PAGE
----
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Collective Remembrance Propaganda Posters from the Great War

Curator:  Mora Dianne O'Neill

A century later, propaganda posters from the First World War – designed to  mobilize an army, persuade Canadians that support for the war was just and noble, inspire them to exercise thrift, and to lend the government their own money to pay for the war – will provide visitors with an opportunity to pull aside the curtain of time and to experience an earlier generation’s feelings, fears, and hopes about the first truly global conflict.
 
More often than not, the names of the artists responsible for these posters in Canada and in Britain remain lost behind time’s curtain. Generally they were designers employed by the big printing houses where anonymity was the rule. Stylistically, the lingering influence of 19th century attitudes governs the design of many of the posters, but others demonstrate an awareness of the most avant-garde approaches to design.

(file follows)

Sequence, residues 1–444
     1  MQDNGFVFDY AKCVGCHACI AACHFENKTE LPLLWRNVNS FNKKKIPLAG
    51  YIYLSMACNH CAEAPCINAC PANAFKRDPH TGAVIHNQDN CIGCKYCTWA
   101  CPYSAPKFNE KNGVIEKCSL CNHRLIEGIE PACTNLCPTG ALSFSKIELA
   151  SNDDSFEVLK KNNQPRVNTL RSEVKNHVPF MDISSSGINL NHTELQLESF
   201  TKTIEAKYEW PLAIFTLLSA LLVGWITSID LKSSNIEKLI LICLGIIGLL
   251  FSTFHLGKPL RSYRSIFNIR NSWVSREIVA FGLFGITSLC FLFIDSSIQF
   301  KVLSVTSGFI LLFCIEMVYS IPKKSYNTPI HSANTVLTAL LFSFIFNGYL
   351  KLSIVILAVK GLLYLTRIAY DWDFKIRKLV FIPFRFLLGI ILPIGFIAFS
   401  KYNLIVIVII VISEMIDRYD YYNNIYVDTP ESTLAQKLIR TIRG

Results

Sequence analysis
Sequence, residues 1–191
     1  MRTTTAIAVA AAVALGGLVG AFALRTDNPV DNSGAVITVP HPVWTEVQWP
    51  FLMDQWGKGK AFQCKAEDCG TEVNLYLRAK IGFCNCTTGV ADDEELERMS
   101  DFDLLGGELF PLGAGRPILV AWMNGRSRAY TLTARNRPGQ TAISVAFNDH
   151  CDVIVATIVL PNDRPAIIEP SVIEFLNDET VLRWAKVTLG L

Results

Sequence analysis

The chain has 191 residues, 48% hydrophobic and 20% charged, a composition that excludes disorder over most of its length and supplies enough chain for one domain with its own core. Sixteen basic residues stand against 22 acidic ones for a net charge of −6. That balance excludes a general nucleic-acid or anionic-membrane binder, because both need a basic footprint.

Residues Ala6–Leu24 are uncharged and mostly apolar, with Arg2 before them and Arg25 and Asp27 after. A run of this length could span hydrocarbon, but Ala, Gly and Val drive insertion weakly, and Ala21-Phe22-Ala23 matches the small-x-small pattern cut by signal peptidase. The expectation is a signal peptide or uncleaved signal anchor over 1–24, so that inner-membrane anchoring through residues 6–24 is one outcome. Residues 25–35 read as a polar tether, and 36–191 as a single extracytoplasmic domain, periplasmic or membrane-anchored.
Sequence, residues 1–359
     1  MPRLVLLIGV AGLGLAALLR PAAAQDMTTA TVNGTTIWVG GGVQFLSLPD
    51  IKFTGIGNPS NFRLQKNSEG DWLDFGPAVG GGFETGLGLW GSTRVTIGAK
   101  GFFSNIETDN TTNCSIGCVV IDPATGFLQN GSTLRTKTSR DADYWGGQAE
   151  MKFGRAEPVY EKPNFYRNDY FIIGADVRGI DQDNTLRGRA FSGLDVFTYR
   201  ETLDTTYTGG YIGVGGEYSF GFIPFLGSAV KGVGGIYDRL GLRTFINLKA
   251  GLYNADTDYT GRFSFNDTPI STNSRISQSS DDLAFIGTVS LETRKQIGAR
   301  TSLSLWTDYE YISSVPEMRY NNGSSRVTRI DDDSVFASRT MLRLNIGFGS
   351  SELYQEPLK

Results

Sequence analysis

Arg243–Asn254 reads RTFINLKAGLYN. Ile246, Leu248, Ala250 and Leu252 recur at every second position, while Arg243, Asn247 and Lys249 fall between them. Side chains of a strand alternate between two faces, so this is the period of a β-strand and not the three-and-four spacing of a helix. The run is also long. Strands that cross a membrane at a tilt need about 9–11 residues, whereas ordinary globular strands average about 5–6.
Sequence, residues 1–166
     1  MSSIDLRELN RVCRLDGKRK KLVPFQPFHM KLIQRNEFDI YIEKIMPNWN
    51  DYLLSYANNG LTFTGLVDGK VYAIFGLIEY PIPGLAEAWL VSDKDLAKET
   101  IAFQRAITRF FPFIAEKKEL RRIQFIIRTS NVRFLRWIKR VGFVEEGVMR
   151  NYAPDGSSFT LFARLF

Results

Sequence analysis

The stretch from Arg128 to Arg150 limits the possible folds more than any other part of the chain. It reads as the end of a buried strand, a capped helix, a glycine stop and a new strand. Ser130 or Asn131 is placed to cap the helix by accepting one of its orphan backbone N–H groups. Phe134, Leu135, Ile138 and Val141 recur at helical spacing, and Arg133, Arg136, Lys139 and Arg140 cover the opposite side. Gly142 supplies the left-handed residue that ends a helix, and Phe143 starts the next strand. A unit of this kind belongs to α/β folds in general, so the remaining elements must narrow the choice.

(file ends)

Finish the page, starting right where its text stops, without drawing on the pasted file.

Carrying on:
Most of these posters have been borrowed from three collections of posters acquired over the years by the Nova Scotia Archives; the Archives itself is mounting a virtual exhibition of its poster holdings on its website, but the Gallery’s exhibition will allow visitors a first-hand look at these historic, and artistic, documents.
 
The centenary of the start of the First World War will take precedence this year, but a small installation in the alcove will commemorate the 75th anniversary of the start of the Second World War.    

 


 

Image, Left to Right: unknown artist, Keep All Canadians Busy, 1918, WP 11, lithograph, 60.7 x 45.4 cm, Nova Scotia Archives, MG100, Volume 35, #76.2;Doris Brabham Hatt for Spottiswoode & Co, Britain Needs You at Once, 1915, PRC 108, lithograph, 76.0 x 50.8 cm, Nova Scotia Archives, gift of Martin McGrath.